Thanks for considering this. Does it really take that long to prepare proposals? I'm surprised. Well the ones I stumbled on were from 2011 and 2013 so your timeline would be fine for me.--PangoSE (talk) 17:32, 14 January 2020 (UTC)
Preparing proposal takes a long time and is often frustrating, so it is not rare to take long breaks without abandoning it. It is not unusual to have discussion on tagging mailing list lasting for month or two Mateusz Konieczny (talk) 10:48, 15 January 2020 (UTC)
  • Thanks for updating the proposals which were abandoned. :) Other wikis I have participated in voting have a central place for votes and clear guidelines (e.g. en.wiktionary) I do not know of any in this wiki. I have no problem discussing longer. I have no idea how I'm supposed to increase participation. Maybe put a notice in Talk:Wiki?--PangoSE (talk) 17:32, 14 January 2020 (UTC)
The best places to announce this would be the Tagging mailing list and Talk mailing list. I am not confortable voting on this until there is discussion. But I would be favor of marking a proposal as abandoned if the tags proposed have not been added to the database in the past 2 years. --Jeisenbe (talk) 07:11, 15 January 2020 (UTC)
  • Oppose Two months is too short, especially for a more complex proposal. I agree with the suggestion above for 1 year for a draft / 3 months for proposed, provided that the metric is "no activity" vice "time since status change". I could see a challenging proposal going through several rounds of RFC. The goal is to cull out proposals that are not actively being worked on. The timeframes can always be shortened later if the community feels there is still too much cruft. ZeLonewolf (talk) 15:35, 2 October 2020 (UTC)

Wikiwide discussion page

Lets make a wikiwide discussion page also where people actually interested in the development of the wiki can participate and were we can vote on changes and maybe a voting policy if none exist yet --PangoSE (talk) 09:26, 11 January 2020 (UTC)

Not sure, if this is what you intend, but Talk:Wiki is currently used to discuss general wiki issues and announcements. There is also a wiki team forum, but it is rarely used --Tigerfell This user is member of the wiki team of OSM (Let's talk) 11:09, 11 January 2020 (UTC)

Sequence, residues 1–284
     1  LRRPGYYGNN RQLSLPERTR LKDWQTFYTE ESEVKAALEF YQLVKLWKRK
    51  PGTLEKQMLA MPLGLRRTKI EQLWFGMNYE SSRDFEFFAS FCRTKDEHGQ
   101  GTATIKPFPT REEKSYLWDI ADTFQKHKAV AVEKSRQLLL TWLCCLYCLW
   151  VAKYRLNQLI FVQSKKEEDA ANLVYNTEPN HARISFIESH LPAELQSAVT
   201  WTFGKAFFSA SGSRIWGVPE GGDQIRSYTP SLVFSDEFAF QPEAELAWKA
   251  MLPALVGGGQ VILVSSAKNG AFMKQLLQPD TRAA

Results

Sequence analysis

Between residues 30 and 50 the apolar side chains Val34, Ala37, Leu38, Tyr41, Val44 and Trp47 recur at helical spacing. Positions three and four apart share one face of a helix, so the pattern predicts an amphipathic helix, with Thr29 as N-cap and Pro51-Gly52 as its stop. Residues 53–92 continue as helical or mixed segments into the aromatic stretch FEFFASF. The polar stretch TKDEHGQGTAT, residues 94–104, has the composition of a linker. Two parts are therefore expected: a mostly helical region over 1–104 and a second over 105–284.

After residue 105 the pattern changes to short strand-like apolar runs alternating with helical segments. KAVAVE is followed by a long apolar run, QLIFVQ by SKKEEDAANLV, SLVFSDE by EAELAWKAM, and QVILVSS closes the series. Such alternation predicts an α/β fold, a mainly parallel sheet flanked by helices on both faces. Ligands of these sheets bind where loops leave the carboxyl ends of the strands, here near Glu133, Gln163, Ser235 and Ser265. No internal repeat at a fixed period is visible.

Oh. Great! Then it is just missing in the left menu. I will discuss further there.--PangoSE (talk) 12:04, 11 January 2020 (UTC)

Clarify whatever explicit abstaining is the same as no vote

Talk:Proposed features/give box revealed that it is not fully specified how abstain votes work. There is some confusion in multiple places whatever "abstain" counts as vote. I propose to make following changes

In approved/rejected decision ignore explicit abstentions (10 vote yes, 1 vote no, 10 "abstain but have comments" would be approved).
In case of describing number of people use "N people participated in voting" (when including explicit abstentions) or "M people voted" (when including only yes/no votes, without abstain comments)

This is just initial idea - any comments? Mateusz Konieczny (talk) 09:56, 7 February 2020 (UTC)

I would probably need a wider discussion (mailing lists ?), but a clarification is definitely needed. If abstain (displaying as "comments") count as no, why does it even exists ! ;-) H@mlet (talk) 10:17, 7 February 2020 (UTC)
The proposal of @Mateusz Konieczny looks good to me. In fact, "abstain" means "to choose not to vote" (definition of "abstain" by Merriam-Webster). Mappers can abstain and comment a proposal at the same time, but they can't abstain and vote at the same time. --Dcapillae (talk) 23:54, 10 February 2020 (UTC)
Note: I am not taking ownership of this idea. I may (or may not) start discussion on talk mailing list about this, but feel free to start such discussion on your own! Mateusz Konieczny (talk) 23:39, 11 February 2020 (UTC)
I have send a message to both the talk and tagging mailing list. --Dcapillae (talk) 16:14, 12 February 2020 (UTC)
Symbol support vote.svg Support Ignoring explicit abstentions in the approved/rejected decision. --Dcapillae (talk) 16:14, 12 February 2020 (UTC)
Symbol support vote.svg Support Explicit abstention from vote is still not a vote and should not be considered as mattering for approved/rejected decision. If you oppose proposal in its current form - vote against it. Mateusz Konieczny (talk) 18:36, 12 February 2020 (UTC)
Symbol support vote.svg Support Any abstention is a decision not to vote. --PeterPan99 (talk)
Symbol support vote.svg Support Abstaining is equivalent to not voting . --European water (talk) 07:37, 13 February 2020 (UTC)
Symbol support vote.svg Support To abstain means to not vote. The voting instructions clearly say to pick "abstain" if you want to comment but don't want to vote. So abstensions should be ignored in the vote tally. Jmapb (talk) 17:35, 13 February 2020 (UTC)